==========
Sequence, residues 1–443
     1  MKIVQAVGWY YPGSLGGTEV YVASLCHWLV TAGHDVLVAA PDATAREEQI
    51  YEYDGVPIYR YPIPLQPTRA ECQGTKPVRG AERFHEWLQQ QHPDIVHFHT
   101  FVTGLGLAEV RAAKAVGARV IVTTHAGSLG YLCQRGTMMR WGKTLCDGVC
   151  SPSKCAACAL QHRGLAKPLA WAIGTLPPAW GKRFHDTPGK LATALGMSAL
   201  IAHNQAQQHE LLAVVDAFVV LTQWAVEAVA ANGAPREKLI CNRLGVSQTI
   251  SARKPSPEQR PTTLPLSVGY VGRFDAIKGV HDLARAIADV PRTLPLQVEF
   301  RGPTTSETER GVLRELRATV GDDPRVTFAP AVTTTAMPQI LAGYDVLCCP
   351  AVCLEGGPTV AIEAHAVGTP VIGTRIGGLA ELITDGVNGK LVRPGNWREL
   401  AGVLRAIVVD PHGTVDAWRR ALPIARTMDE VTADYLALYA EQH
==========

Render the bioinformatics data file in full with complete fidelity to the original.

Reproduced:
Sequence, residues 1–443
     1  MKIVQAVGWY YPGSLGGTEV YVASLCHWLV TAGHDVLVAA PDATAREEQI
    51  YEYDGVPIYR YPIPLQPTRA ECQGTKPVRG AERFHEWLQQ QHPDIVHFHT
   101  FVTGLGLAEV RAAKAVGARV IVTTHAGSLG YLCQRGTMMR WGKTLCDGVC
   151  SPSKCAACAL QHRGLAKPLA WAIGTLPPAW GKRFHDTPGK LATALGMSAL
   201  IAHNQAQQHE LLAVVDAFVV LTQWAVEAVA ANGAPREKLI CNRLGVSQTI
   251  SARKPSPEQR PTTLPLSVGY VGRFDAIKGV HDLARAIADV PRTLPLQVEF
   301  RGPTTSETER GVLRELRATV GDDPRVTFAP AVTTTAMPQI LAGYDVLCCP
   351  AVCLEGGPTV AIEAHAVGTP VIGTRIGGLA ELITDGVNGK LVRPGNWREL
   401  AGVLRAIVVD PHGTVDAWRR ALPIARTMDE VTADYLALYA EQH